Abby Cawood’s grandfather, who has leukemia, is another client of Bluegrass Home Care Services. The company helps him with his exercises and helps Cawood’s grandmother do housekeeping. Cawood said she reached out to Bluegrass Home Care Services mainly because she had worked with Scott before for two years at Tanbark Health and Rehabilitation, which is operated by Elmcroft Senior Living. Her grandfather was Scott’s first client, and because she didn’t have caregivers yet at the time, Scott stepped in as caregiver herself when the business first started.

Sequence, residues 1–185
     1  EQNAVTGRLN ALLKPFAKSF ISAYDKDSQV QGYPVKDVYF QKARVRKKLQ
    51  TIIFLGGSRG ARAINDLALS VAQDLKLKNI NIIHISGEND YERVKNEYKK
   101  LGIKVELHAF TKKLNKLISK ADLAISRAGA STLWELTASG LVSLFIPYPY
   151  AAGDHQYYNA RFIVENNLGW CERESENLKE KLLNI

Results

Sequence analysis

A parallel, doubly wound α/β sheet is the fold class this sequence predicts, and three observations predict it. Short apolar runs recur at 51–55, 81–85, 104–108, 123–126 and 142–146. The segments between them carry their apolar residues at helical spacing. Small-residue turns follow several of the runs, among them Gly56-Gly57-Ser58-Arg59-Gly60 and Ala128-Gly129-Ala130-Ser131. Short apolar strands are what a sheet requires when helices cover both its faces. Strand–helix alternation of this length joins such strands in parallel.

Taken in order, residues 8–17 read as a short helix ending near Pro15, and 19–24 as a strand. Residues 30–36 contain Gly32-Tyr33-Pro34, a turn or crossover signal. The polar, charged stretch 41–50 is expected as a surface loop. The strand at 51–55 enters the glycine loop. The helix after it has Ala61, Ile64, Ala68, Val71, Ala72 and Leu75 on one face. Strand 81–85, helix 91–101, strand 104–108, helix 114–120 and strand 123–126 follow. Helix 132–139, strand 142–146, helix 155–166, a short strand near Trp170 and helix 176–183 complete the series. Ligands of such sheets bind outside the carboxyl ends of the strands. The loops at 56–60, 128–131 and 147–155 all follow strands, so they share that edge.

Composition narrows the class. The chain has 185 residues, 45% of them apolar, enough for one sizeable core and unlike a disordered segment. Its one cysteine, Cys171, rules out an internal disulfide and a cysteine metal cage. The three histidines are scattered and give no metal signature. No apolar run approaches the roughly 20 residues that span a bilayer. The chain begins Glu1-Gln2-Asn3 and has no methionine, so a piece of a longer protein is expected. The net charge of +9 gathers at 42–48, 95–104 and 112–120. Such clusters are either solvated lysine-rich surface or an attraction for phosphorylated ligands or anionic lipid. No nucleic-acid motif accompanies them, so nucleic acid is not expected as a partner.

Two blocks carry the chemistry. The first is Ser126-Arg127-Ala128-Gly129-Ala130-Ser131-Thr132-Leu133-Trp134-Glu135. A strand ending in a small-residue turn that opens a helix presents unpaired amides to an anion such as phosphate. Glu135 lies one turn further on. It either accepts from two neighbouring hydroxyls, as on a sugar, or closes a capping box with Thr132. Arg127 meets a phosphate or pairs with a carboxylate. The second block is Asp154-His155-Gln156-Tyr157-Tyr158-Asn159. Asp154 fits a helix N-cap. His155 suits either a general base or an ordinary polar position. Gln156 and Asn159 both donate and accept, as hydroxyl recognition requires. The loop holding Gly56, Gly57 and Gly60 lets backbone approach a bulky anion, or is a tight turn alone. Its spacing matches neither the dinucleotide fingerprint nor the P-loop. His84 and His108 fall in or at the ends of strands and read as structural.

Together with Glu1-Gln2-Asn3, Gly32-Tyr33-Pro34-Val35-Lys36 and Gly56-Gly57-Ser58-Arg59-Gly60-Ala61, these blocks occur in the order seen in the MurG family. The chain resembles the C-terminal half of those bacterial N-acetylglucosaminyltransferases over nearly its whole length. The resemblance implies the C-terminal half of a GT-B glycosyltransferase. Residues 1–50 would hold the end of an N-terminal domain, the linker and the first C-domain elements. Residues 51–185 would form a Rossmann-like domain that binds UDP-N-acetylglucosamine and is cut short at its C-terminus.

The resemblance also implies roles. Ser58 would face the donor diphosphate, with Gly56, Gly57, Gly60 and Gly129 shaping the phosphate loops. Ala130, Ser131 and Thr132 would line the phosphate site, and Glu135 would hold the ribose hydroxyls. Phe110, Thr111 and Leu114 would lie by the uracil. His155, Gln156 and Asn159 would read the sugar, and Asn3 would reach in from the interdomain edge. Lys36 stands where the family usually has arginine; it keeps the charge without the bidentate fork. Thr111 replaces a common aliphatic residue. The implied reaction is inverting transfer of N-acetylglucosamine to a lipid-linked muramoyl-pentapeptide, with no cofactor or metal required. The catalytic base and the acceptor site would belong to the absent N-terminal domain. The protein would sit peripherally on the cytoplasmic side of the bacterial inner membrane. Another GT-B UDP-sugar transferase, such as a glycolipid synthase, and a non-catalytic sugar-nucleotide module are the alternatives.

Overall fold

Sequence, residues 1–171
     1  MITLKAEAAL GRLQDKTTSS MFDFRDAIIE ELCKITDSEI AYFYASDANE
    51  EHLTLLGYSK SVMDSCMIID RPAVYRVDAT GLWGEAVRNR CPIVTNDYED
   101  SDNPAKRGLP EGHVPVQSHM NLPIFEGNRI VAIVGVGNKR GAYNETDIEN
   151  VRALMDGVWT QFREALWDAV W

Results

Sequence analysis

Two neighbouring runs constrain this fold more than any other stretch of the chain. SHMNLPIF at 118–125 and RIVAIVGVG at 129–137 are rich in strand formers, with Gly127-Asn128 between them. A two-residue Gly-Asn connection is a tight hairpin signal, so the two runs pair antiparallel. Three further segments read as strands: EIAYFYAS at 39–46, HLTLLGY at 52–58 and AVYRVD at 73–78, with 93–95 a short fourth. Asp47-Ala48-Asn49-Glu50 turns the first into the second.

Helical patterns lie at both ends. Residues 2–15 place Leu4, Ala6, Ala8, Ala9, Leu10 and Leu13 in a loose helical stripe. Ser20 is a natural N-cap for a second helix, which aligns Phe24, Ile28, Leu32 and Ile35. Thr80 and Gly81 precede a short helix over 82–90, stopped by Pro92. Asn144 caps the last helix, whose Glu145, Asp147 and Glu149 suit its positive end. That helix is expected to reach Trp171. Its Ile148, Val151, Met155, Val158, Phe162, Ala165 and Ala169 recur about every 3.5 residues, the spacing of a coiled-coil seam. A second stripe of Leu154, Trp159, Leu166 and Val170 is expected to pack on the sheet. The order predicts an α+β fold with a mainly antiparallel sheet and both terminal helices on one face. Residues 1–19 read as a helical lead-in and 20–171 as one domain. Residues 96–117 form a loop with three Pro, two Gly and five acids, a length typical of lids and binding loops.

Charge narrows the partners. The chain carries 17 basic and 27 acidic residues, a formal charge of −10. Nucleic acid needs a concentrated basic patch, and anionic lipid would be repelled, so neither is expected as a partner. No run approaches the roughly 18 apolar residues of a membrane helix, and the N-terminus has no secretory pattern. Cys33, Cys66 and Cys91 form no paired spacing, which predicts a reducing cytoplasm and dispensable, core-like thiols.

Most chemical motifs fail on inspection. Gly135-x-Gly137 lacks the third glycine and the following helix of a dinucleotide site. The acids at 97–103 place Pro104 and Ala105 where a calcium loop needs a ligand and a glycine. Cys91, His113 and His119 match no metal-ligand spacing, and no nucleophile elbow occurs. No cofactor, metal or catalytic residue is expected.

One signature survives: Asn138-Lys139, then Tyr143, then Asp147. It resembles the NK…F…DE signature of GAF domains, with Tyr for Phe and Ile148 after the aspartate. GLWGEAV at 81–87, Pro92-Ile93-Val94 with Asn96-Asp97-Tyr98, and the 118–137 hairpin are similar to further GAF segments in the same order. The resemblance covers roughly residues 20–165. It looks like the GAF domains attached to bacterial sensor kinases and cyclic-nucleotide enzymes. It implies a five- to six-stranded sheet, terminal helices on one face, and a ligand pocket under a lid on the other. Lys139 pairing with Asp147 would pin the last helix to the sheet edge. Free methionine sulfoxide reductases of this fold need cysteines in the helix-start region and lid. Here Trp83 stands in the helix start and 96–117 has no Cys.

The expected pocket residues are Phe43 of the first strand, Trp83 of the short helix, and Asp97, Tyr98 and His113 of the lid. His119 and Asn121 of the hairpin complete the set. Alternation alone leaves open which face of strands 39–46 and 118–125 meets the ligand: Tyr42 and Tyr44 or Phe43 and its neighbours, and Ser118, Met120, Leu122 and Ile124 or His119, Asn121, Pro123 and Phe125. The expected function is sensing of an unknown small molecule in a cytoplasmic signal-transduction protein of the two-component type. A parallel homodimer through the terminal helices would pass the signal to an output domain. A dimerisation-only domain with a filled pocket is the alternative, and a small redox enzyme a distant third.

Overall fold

“She stepped in because we needed her so bad, and I called her pretty frantic, needing help because I am an LPN myself, and I’ve been trying to juggle full-time working and now trying to take care of both my grandparents,” Leath said.
Cawood said her grandfather has gotten stronger since Bluegrass Home Care established an exercise program for him, and because she said her grandparents have always been busy people and are now going through a large life transition, she appreciates Scott’s help. Leath said Scott has become her grandmother’s best friend.
“This is an extreme life-changing time for them, and she has gone above and so beyond  to really be patient with them and accommodating to them,” Cawood said.